Substitute teaching can be challenging. One way to be a better sub is to reach out and team up with the full-time teacher. You may be able to make life a little easier for both of you and create a better learning experience for the students. This is especially true if circumstances allow you to communicate with each other one-on-one
Over the years we have heard many suggestions on how to best handle the assignment of substitute teaching. Meeting a room full of new people can be hard enough but when the "people" are 3rd graders, it can become a whole new experience.
Which methods have you found to be most effective when trying to engage students to reinforce learning?
So, you have decided to be a substitute teacher. Well, with your decision you are sure to hear those cute little words-that's not the way our teacher does it! Walking in a different class just about every other day is usually a challenging task-but you dare not let the students see you sweat.
Uh oh. Youâ€™ve worked your way through a lesson plan but there are still 10 minutes left of class. When substitute teaching, it is important to have an activity or two to play in your back pocket when situations like this arise. Consider it a different type of emergency sub plan.
As the weather continues to get colder, the colds and coughs come out in full force. As a substitute teacher, however, you need to stay healthy, especially now, so you can be in the classroom when the teacher is out sick! The following are suggestions from substitute teachers on how to stay healthy during this season.
Everyone knows that substitute teaching is a challenging job on the best of days. The best teachers learn to not take things too seriously. Sometimes after a particularly bad day, it can be encouraging to hear how other teachers handled their situations.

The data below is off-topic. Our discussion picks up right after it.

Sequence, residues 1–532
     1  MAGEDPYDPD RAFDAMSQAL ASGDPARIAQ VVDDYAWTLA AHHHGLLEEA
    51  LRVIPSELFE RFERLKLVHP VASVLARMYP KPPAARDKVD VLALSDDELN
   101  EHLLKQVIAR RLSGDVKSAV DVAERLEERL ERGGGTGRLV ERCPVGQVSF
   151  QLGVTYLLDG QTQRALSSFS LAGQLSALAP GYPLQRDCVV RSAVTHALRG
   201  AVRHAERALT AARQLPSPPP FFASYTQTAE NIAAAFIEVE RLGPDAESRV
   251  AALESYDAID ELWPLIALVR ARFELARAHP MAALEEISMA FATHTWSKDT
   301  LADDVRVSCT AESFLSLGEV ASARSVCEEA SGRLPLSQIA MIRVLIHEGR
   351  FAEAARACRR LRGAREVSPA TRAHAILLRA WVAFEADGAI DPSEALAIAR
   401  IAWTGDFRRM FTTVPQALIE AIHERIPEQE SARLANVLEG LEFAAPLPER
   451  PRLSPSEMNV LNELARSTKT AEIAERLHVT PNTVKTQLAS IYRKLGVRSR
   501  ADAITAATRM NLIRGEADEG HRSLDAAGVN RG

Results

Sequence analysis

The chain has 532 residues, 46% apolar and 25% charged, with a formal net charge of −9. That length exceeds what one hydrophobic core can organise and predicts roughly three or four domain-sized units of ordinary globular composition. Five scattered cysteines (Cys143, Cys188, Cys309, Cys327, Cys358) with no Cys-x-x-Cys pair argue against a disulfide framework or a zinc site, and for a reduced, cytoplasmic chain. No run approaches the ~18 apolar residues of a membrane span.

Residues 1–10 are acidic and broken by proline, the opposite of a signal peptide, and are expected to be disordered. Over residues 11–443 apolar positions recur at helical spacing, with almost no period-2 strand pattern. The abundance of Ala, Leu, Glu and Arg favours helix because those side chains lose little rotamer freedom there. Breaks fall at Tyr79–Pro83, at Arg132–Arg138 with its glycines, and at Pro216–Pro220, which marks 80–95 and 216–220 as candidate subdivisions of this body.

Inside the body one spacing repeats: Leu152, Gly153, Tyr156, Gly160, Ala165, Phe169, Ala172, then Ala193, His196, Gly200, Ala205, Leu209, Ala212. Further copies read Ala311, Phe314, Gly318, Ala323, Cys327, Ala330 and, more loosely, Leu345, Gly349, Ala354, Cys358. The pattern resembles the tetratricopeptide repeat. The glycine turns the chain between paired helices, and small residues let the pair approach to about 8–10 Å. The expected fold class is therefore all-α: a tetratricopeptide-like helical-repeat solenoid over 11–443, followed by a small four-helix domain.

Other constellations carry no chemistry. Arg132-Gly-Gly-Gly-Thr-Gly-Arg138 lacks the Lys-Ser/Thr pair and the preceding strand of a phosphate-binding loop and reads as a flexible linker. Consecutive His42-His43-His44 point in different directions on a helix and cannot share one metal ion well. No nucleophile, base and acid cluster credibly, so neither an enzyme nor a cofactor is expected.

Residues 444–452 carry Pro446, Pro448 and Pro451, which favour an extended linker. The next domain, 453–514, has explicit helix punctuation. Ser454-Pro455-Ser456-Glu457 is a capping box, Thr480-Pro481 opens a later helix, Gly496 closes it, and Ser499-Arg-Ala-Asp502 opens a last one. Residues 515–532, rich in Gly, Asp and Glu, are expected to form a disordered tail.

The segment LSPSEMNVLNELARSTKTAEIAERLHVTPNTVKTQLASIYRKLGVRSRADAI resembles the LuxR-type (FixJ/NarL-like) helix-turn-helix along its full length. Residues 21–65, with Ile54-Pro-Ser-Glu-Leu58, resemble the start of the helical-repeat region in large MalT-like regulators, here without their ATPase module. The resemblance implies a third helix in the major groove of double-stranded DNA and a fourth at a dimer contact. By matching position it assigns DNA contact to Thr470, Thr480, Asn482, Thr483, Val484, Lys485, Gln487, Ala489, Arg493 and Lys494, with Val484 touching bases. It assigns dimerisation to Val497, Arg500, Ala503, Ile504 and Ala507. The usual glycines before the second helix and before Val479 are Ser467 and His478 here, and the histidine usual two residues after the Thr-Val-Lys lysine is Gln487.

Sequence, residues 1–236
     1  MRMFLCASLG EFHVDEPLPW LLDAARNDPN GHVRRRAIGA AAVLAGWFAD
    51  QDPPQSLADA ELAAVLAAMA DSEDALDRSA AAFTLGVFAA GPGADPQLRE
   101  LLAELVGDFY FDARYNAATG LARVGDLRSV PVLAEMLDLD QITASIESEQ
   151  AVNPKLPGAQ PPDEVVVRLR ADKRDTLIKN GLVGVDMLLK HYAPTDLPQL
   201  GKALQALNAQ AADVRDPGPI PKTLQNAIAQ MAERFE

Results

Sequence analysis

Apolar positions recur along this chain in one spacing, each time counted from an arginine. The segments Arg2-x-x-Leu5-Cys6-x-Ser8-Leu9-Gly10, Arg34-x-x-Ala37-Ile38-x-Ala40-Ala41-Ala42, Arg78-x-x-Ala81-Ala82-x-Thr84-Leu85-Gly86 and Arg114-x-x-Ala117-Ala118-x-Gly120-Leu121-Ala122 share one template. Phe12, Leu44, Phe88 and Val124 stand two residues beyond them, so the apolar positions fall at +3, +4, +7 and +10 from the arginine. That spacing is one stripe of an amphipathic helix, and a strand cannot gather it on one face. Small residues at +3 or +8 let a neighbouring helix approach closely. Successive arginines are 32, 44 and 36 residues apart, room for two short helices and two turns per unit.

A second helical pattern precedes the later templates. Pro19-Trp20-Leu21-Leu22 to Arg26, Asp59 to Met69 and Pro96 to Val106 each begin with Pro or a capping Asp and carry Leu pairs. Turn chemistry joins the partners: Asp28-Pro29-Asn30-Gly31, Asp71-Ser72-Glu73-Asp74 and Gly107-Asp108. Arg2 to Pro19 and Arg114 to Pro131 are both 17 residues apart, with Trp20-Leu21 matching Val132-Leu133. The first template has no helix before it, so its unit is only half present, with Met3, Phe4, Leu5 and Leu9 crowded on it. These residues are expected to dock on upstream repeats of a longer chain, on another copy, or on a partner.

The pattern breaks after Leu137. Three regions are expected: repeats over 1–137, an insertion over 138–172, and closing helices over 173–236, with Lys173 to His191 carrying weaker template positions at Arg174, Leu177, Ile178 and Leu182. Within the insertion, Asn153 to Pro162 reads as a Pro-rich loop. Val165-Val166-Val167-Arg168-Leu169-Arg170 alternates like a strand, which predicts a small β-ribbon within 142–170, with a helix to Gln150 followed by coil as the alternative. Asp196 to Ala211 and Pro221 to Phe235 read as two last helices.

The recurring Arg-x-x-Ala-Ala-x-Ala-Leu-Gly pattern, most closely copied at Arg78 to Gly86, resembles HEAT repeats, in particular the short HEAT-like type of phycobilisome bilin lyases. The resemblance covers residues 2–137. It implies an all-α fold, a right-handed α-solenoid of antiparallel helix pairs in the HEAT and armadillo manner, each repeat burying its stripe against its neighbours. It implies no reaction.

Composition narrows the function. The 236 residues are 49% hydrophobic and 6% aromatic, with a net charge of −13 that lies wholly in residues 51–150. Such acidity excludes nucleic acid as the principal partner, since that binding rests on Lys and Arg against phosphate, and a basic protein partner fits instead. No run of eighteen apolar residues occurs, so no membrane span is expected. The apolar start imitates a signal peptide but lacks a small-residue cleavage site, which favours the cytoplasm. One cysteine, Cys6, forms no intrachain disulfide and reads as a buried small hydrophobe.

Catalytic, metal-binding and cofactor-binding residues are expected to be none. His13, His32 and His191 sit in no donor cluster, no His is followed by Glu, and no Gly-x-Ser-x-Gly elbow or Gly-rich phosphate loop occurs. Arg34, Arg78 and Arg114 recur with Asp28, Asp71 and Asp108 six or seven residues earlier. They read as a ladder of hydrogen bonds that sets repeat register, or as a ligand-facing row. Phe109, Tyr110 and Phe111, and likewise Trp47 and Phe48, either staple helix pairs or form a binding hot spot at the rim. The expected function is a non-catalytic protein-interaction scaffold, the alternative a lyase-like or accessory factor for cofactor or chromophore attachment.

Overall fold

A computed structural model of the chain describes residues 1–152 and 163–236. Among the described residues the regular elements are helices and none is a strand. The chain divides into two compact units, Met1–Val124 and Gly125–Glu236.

Substitute teachers have to be flexible. Wouldn't it be nice to know ahead of time when you will have substitute work and how much will be planned for you? Keeping a folder of last-minute lesson plans will give you confidence that you can handle any situation. What kinds of things do you keep at-the-ready for those rough sub days?
For a substitute teacher, classroom management can be one of the biggest challenges of the day. Every classroom's rules vary, and each teacher has a different style as to how she keeps students on task. Substitute teachers who have a strong handle on classroom management will find themselves being requested more as a sub, and their days will be less stressful. In the elementary schools, use some practical tips to keep things running smoothly.
If you want to be a better sub, be like Mary Poppins, nanny extraordinaire. Her biggest secret to success was being prepared. Think about it: she had her umbrella in tow and always kept her carpet bag filled with useful items. She had everything from lamps and mirrors to a magical measuring tape that could size up anybody, adult or child. And, of course, she was very, very organized.
Emergency lesson plans available and easy to find - both in your personal collection and online. Here is something to consider if you end up using someone elseâ€™s emergency lesson plan: If you make changes to the lesson plan, do you go back to the source and let them know the changes you made?
For even the best educator, the job of substitute teacher can be a challenge, especially when new to a building. By fostering some important relationships, a sub can not only build support, but increase the chance of future jobs in that school.
Even experienced substitute teachers experience some anxiety and trepidation going into a classroom for the first time, but SubAssistant wants to help!
Like all jobs, substitute teaching has its own unique rewards and challenges. Luckily, it doesnâ€™t take much time to figure out whether itâ€™s the right professional choice for you.
What are some discipline styles or tips that you or a fellow teacher have found to be effective in the classroom?
So, you are standing at the door greeting the high school students entering your fourth period class, and right away, you recognize the potential for trouble. All the signs are present: lack of eye contact with you, groups entering together, profanity, increasing volume, the celebratory "we have a sub!" followed by high fives. Everything about the vibe has you double checking you know where the office button is, where the referral forms are, and reviewing the tips in the substitute teacher packet. Despite the appearance to the contrary, the opportunity to create a positive shared experience with this group of students is possible.